Saving and protecting these nesting oases is becoming more critical as larger islands—especially barrier islands that have traditionally served as nesting grounds—succumb to development. Dallas, Houston, and Austin were among the country’s fastest-growing cities in 2009. Many newcomers crave shorefront property and marine recreation. When beaches and estuaries turn into housing developments and quiet bays become popular weekend fishing spots, birds start to disappear. Researchers at the University of Texas at Austin’s Marine Science Institute recently found that between 1979 and 2007, the average number of people on the beach on Mustang Island, the barrier island off Corpus Christi, grew fivefold, from 19 to about 95. In that same time, 10 of 28 bird species suffered significant population losses. Forster’s terns, gull-billed terns, and black skimmers declined between 53 percent and 88 percent. Double-crested cormorant populations fell by 82 percent.
For many of Mustang Island’s birds, it wasn’t just habitat loss but the increased presence of humans that led to their disappearance. When people recreate on beaches and shoreline, they don’t always stroll quietly. They run. They shout. They throw Frisbees. Perhaps most alarming, in birds’ eyes, they let their dogs roam freely. Shorebirds don’t just need habitat. They need habitat with minimal human disturbance. “That human disturbance is often innocent, but it stems from ignorance,” says Benson. “[Newcomers] aren’t familiar with the nesting islands and the general rules of the water down here. They see a tiny little island and they think picnic spot, not bird rookery.”
As nesting space continues to come at a higher premium, some Texas wardens have turned to business savvy and deal-making creativity to protect and expand nesting grounds. “There’s a nice diverse rookery over in Nueces Bay,” north of Corpus Christi, Newstead says. “But the material on the island is too claylike for ground nesting birds like gull-billed terns and black skimmers. And black skimmers are especially tough in terms of nesting encouragement. They’re real skittish. They’ll sit at a site for a month before they’ll lay an egg.”
Wardens have used sand-filled tubes, concrete rubble, and crushed shells to shore up islands. Through the grapevine, Newstead heard about a local seafood company that paid to have its oyster shells hauled to the dump. Then he found a glass crusher. “You chuck a five-gallon bucket of oyster shells into the hopper, and out comes the crushed material,” he says, smiling. Earlier this year he and some volunteers laid down four tons of crushed shells, “a nice, rough substrate,” on the unnamed island. “If it works, we’ll have helped bring back those terns and skimmers, two of the most imperiled species on the coast.”
Like other wardens, Newstead is trying to anticipate the impact of the Deepwater Horizon spill on his region. “It could affect us like a hurricane,” he says. “In the past we’ve seen birds relocate to our area after a hurricane has wiped out their nesting habitat elsewhere. We could see that here. A whole bunch of new birds showing up on our island means we’ve got to have room for them. That makes the management of our islands all the more critical, and gets us thinking about how we might be able to bring more habitat and new or reclaimed islands into play.”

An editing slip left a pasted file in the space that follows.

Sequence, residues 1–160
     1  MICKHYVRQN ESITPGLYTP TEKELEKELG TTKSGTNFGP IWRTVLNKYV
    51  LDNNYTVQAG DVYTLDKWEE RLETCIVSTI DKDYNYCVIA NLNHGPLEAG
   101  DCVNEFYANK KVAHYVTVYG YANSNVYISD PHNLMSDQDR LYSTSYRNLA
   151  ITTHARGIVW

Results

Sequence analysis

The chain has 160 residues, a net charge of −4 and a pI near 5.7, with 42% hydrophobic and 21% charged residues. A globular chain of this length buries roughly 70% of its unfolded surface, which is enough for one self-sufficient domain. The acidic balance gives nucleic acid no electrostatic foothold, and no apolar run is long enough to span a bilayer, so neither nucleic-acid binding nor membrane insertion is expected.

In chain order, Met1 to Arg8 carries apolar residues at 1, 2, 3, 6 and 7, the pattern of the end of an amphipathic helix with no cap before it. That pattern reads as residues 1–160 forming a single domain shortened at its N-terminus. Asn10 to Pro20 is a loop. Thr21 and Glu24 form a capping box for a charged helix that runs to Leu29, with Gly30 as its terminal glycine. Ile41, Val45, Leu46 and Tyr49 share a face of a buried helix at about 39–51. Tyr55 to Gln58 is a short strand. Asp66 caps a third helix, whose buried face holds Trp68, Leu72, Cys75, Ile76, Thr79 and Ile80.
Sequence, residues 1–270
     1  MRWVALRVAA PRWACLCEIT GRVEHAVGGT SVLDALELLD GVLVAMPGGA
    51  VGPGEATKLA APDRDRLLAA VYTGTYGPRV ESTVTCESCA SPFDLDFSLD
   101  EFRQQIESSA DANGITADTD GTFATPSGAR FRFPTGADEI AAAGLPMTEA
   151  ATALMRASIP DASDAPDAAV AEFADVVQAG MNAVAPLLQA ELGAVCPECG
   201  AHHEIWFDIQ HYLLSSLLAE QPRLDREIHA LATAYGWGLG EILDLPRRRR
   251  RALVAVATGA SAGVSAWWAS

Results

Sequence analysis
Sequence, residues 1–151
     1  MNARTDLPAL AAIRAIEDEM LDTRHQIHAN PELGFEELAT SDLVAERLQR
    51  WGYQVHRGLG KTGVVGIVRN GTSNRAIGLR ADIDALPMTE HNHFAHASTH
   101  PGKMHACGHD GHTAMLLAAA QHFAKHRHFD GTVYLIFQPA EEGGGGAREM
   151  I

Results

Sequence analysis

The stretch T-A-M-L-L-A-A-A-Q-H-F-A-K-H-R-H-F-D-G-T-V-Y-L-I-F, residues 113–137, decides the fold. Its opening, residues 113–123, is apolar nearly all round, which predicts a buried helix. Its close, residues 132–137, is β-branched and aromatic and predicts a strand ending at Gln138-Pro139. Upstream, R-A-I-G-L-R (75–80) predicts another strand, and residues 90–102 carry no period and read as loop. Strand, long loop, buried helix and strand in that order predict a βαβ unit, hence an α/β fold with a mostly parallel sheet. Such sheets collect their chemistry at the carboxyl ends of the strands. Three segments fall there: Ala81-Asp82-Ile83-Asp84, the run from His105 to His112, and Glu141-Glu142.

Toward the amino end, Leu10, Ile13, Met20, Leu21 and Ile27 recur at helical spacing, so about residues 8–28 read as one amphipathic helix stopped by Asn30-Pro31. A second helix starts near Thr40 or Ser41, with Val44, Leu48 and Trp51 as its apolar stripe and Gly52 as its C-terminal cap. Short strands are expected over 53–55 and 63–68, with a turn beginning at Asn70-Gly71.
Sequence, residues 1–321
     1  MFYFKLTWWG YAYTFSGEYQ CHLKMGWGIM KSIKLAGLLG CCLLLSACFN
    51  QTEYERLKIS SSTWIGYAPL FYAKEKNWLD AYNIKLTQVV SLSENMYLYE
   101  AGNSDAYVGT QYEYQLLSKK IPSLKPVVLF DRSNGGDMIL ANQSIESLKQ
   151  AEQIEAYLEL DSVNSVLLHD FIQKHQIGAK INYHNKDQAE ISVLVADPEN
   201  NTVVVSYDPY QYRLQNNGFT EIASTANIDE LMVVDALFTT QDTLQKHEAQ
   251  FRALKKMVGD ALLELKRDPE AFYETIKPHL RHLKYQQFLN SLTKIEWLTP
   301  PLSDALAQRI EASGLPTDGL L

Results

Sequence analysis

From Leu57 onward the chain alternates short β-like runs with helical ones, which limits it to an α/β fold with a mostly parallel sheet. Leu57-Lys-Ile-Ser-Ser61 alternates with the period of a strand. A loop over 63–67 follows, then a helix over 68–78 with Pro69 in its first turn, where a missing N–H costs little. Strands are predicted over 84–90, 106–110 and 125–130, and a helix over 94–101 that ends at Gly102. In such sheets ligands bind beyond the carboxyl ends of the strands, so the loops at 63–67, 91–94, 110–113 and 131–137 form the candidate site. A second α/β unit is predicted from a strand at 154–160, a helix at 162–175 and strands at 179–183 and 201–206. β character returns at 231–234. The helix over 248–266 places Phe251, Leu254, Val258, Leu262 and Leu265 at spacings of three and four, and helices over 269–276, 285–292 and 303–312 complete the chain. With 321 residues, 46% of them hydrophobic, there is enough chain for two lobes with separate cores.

My final stop is Arroyo City, a sleepy fishing town about 35 miles north of the Mexican border. That’s where I meet up with Leroy Overstreet. The 85-year-old may be the most colorful warden in the system.
“I’m an outdoor person,” he tells me as he fires up his outboard motor and pushes away from a county dock. Overstreet is a thin strip of rawhide in rubber boots, blue jeans, and a baseball cap. A half-smile crosses his face. “The day I can’t get outside, I feel like kicking dirt in my face just to get a feel for it.”
A former ranch hand, rodeo cowboy, and mechanical engineer, Overstreet is equally experienced in the fine art of bar fighting (in his younger days), the complexities of U.S. patent law (he holds five patents for farm implements), and the rude business of varmint eradication (coyotes, beware).
“The nesting season’s running a little behind this year on account of this cold weather,” he says, steering the boat up a channel toward Lower Laguna Madre. “But there are plenty of birds to see on Green Island.”
That’s where we’re headed. A 114-acre refuge located between the mainland coast and South Padre Island, Green Island shines as the jewel in the crown of the Coastal Sanctuary Program. It was Audubon’s first leased island back in 1923, when it housed one of the last extant nesting colonies of reddish egrets, one of the birds hit hardest by the plume trade.
Today 18 species of colonial-nesting waterbirds roost, nest, rest, and feed on its sandy shores and in its thick tangle of shrubs and trees. Reddish egrets, still the rarest North American herons, remain the island’s superstars. In a typical year 800 pairs of the spectacularly plumed birds—more than one-fifth of the species’ worldwide breeding population—return to Green Island to nest.
It’s Overstreet’s job to keep them safe. That’s where a keen tracker’s eye comes in handy. “Coyote,” he says, spotting a shaggy canine skulking in the brush along the side of a canal. They are the bane of the nesting birds. “I see way too many of ’em,” Overstreet tells me. “A lot of my job is keeping coyotes from eating birds.”